How could suppliers ringfence customer credit balances?

Octopus has opposed Centrica’s proposals on protecting customers’ credit balances

Big Zero Report 2022

How could energy companies safeguard their customers’ credit balances amid the energy crisis?

It has been reported that Chris O’Shea, Chief Executive of Centrica, during the company’s annual general meeting last week, slammed “newer, larger UK energy firms” for not supporting his proposals on the protection of credit balances.

A Centrica spokesperson told ELN: “When customers pay upfront for their energy, they are trusting their energy supplier to look after their money and they would be appalled if they thought their money was being used to fund day-to-day business activities.

“The current energy crisis has shown just how important it is that energy companies are financially resilient. Protecting credit balances is a vital part of a resilient energy market and we believe urgent action is needed to protect customers’ credit balances from further supplier failures.”

Octopus has criticised these proposals saying that they would have “virtually no impact” on the cost of supplier failure.

It said that instead, the proposals would increase energy prices and profits for energy suppliers.

An Octopus spokesperson told ELN: “Octopus would like to see stringent rules on hedging and management and if appropriate an ATOL-style insurance policy for credit balances.

“This would see greater protection for energy customers but cost five to ten times less than Centrica’s profit-swelling proposals.

“Given that customers are in debt to Octopus nine months of the year, Centrica’s assertion that companies are using credit balances to fund wider operations is categorically wrong.”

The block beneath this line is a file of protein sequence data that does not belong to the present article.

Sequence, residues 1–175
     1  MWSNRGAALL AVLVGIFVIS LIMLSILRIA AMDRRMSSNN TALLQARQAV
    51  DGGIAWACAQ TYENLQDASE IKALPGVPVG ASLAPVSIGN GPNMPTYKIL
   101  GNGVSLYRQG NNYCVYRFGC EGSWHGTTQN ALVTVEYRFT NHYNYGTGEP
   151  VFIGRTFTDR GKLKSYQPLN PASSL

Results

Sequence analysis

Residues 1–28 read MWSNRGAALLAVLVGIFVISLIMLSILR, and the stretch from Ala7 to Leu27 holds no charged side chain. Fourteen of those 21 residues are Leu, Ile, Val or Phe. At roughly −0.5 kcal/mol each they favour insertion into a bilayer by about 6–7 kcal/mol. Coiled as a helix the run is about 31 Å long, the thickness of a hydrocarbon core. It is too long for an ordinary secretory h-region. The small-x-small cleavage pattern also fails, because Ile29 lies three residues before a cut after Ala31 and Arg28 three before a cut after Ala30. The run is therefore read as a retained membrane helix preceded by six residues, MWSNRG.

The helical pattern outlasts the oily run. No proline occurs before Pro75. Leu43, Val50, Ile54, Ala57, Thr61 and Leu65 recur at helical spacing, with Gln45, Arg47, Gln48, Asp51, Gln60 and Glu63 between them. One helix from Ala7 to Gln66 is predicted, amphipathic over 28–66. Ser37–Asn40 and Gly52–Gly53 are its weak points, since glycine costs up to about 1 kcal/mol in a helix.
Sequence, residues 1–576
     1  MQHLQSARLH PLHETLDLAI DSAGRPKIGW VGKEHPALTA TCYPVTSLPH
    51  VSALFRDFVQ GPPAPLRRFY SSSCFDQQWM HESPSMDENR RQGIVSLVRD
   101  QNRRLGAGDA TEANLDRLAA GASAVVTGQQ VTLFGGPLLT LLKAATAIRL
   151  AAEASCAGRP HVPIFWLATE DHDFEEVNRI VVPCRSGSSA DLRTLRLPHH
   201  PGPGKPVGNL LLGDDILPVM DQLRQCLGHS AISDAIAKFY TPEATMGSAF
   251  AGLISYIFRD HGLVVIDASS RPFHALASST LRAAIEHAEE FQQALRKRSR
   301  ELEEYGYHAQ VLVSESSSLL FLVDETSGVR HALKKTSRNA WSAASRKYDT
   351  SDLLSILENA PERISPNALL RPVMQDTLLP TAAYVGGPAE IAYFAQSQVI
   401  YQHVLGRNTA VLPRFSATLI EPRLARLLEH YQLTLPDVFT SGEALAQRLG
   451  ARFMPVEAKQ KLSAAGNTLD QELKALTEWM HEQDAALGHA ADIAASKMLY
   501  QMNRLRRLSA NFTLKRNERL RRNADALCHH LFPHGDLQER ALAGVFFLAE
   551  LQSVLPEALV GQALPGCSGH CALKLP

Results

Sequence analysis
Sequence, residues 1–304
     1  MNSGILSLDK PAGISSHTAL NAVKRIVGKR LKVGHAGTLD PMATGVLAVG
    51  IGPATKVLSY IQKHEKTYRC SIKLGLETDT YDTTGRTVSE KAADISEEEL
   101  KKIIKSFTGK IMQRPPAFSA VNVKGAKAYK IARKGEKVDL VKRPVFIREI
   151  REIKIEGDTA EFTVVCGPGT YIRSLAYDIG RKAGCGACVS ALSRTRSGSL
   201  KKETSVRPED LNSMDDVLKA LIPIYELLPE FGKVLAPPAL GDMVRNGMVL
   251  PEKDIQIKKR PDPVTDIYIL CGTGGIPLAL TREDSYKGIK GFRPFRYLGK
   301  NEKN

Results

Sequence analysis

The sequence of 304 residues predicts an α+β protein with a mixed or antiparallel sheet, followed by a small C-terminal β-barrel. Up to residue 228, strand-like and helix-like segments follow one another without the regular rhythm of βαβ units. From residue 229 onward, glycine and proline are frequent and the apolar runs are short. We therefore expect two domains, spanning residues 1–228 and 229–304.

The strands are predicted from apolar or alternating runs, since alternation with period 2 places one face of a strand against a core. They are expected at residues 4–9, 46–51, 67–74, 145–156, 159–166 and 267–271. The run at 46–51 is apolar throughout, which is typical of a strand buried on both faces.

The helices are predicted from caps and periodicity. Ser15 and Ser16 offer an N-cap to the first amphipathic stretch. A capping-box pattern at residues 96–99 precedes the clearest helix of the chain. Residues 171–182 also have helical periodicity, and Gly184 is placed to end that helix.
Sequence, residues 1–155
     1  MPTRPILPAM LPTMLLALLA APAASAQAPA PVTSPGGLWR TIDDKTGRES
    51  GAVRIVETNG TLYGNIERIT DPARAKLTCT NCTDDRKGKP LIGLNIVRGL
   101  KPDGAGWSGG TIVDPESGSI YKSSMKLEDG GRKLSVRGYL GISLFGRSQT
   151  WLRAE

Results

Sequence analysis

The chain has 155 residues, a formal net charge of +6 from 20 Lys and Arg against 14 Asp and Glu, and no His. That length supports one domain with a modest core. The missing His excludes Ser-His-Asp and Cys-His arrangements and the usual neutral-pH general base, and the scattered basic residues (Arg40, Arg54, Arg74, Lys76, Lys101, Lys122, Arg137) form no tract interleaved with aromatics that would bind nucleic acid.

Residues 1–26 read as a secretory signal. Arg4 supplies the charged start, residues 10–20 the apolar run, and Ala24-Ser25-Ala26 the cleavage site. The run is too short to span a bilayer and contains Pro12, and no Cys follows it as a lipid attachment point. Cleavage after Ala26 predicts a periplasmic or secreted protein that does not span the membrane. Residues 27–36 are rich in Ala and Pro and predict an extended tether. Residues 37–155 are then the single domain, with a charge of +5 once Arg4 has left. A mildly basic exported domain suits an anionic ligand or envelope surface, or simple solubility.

The company added that it has raised more than £1 billion of investment which was used to build technology that potentially reduces costs and bills.

It is estimated that the current crisis in the UK’s energy retail market has resulted in a loss of more than £500 million of UK consumers’ money.

In February, when the new price cap was announced, Ofgem said that the cost of supplier failures on customers’ bills would be £68 per year for the average user – half of that cost per customer, around £34, has been added on to the electricity standing charges.

Two months ago, Business and Energy Secretary Kwasi Kwarteng wrote to the energy regulator to ask for a crackdown on energy firms amid claims some are hiking charges by more than is justified.

A recent survey showed that almost 86% of customers wanted their energy suppliers to protect their credit balances.

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